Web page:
Grown up sorbet
I learned to make this in Normandy, the home of Calvados - and it is a permanent item in my freezer. Such a good standby if no-one fancies a pudding, but wants something refreshing at the end of a meal.
575 ml water
Pared rind and juice of 1 large lemon
Half of one egg white
2 tablespoons Calvados (apple brandy from Normandy)
Heat the sugar and water gently in a saucepan, stirring until the sugar has dissolved. Add the lemon rind and bring to the boil. Boil hard for 2 minutes and then cover and leave to cool
Remove the lemon rind from the pan and strain in the lemon juice. Pour the liquid into a large shallow freezer-proof dish and freeze for approx 30 minutes or until it begins to freeze at the edges.
Whisk egg white until stiff. Tip the partially frozen mix into a cold bowl, whisk briefly to break up the ice crystals. Add the Calvados and gently fold in the egg white using a cold metal spoon. Return to the freezer dish and freeze until firm.
Tuile are French almond biscuits which are curved to look like a French roof tile.
100g flaked almonds
50g blanched, whole almonds
50g unsalted butter (room temp)
100g caster sugar
2 egg whites
2 oz plain flour
Preheat the grill (?US-broiler) Place all the almonds under grill to toast until evenly browned. Leave to cool then crush the flaked almonds and cut the whole ones into slivers.
Cream the butter and sugar until the mix is light and fluffy. Stir in the gg whites and blend well. Lightly stir in the flour, crushed almonds and salt to make a very soft mixture. Cover and put in the fridge for about 1-1.5 hours.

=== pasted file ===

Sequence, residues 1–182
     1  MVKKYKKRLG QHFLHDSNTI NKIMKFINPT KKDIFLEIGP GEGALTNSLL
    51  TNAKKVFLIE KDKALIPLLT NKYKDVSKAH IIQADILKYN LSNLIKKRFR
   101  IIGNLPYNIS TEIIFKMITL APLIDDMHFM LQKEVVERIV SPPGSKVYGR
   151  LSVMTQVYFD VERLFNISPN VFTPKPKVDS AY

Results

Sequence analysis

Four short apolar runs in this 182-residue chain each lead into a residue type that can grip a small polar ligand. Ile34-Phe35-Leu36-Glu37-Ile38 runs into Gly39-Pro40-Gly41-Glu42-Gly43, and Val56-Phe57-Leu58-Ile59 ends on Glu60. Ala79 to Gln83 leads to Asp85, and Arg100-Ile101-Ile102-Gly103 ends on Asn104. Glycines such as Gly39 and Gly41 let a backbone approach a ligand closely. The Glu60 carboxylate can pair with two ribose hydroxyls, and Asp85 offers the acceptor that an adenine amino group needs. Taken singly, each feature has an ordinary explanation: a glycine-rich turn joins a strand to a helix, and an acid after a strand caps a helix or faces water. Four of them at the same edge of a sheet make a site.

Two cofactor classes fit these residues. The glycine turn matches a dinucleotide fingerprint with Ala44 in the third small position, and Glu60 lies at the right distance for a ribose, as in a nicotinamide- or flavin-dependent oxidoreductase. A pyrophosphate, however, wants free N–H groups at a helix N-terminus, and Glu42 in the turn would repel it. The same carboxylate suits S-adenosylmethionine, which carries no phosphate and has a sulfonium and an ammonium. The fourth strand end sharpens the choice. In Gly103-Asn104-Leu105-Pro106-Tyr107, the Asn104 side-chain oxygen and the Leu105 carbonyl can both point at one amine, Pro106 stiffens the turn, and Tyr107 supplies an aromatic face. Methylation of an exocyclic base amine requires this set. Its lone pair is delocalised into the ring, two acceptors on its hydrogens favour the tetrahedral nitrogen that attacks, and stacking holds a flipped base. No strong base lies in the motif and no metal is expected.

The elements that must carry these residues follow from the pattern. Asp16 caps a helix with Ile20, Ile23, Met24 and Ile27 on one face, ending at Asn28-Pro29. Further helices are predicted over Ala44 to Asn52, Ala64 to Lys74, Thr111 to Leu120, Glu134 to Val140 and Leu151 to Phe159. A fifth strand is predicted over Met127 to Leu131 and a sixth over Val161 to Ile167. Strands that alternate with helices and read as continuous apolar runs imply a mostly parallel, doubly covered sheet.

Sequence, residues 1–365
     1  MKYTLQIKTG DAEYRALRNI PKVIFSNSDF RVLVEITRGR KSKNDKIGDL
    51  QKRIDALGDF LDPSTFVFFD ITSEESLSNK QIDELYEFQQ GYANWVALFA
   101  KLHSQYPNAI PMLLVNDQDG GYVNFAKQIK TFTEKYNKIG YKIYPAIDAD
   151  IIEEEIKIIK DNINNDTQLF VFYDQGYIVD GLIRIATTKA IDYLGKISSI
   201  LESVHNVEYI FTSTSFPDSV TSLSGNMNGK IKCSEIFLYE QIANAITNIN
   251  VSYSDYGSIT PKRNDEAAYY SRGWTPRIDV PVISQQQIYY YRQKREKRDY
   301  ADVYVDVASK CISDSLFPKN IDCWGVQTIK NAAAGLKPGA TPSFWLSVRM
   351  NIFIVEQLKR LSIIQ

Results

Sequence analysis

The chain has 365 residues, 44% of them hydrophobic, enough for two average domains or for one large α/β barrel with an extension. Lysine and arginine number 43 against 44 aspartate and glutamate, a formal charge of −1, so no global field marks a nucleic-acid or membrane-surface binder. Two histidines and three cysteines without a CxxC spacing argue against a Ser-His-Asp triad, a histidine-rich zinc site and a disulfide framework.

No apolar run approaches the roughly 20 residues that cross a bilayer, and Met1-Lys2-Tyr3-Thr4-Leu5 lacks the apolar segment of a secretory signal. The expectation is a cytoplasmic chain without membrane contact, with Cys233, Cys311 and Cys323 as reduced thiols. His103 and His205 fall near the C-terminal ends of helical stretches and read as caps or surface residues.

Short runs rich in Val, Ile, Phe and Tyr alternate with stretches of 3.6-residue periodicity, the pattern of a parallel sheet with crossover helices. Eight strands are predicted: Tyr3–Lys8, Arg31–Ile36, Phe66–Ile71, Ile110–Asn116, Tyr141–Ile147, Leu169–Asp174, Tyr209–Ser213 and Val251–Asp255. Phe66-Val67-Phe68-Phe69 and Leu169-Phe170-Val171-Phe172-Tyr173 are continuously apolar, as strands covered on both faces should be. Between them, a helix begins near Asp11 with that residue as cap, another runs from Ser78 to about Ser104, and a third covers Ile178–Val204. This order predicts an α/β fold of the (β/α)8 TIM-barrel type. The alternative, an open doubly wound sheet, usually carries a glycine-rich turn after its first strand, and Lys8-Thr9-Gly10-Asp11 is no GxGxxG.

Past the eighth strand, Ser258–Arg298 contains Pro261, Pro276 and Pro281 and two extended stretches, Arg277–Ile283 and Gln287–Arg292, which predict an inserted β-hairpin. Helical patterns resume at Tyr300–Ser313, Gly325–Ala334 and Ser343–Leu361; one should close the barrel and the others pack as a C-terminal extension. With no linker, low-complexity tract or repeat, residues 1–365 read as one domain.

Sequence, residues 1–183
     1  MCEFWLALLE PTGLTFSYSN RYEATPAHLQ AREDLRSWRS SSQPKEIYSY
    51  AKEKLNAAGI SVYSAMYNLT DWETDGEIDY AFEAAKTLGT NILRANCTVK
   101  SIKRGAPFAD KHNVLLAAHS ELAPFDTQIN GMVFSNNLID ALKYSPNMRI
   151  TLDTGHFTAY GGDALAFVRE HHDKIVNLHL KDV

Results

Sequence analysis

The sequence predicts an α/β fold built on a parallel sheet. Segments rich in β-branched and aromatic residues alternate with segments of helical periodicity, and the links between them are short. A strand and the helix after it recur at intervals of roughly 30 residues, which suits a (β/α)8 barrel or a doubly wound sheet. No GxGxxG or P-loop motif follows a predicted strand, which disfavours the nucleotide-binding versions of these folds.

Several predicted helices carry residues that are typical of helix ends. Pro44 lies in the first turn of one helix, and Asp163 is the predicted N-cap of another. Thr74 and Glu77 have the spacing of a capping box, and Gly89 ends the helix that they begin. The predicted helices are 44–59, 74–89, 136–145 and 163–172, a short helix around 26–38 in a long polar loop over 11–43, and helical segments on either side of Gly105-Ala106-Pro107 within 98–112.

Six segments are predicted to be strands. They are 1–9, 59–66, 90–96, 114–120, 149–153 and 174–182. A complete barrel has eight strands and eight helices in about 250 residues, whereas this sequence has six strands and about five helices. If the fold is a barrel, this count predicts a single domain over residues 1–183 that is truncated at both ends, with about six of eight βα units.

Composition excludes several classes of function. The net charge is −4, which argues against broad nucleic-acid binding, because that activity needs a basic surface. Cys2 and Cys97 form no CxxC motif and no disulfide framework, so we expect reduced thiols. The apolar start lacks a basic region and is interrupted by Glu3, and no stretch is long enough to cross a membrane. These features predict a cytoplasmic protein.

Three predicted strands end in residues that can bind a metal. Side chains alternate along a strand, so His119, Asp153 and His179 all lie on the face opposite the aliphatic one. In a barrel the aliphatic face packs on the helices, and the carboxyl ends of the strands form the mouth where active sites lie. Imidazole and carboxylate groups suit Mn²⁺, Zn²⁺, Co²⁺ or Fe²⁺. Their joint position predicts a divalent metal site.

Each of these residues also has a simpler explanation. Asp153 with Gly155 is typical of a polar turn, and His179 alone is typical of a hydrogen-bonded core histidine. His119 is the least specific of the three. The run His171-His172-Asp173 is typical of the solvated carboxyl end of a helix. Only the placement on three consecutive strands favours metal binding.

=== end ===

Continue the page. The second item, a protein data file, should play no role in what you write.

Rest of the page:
Preheat oven to gas mark 6/400F. Butter to large baking sheets and oil a rolling pin.
Drop teaspoons of the almond mix on 1 baking sheet (or both if you have an oven large enough to take both trays at once! – but I normally have to do this in 2 ‘bakes’), spacing well apart as mix spreads. Flatten lightly with a fork dipped in cold milk, then sprinkle with slivered almonds. Lower the oven temp to Gas mark 5, 375F and bake for 5-8 minutes until the edges start to colour to light brown.
Immediately the biscuits are removed from the oven, lift one at a time with a spatula and quickly roll around the rolling pin to shape the tile. Should biscuits (cookies) harden before you have time to do this – just stick back in the oven for a couple of minutes to allow them to become flexible once more.
Leave to cool on wire racks. Can be stored in an airtight container for about a week.
I serve this with a little warmed apple compote and garnished with fresh mint leaves.
I have also made these into ‘tulipes’ – by moulding the hot tuile around a small orange and when cool, filling with sorbets or ice-cream.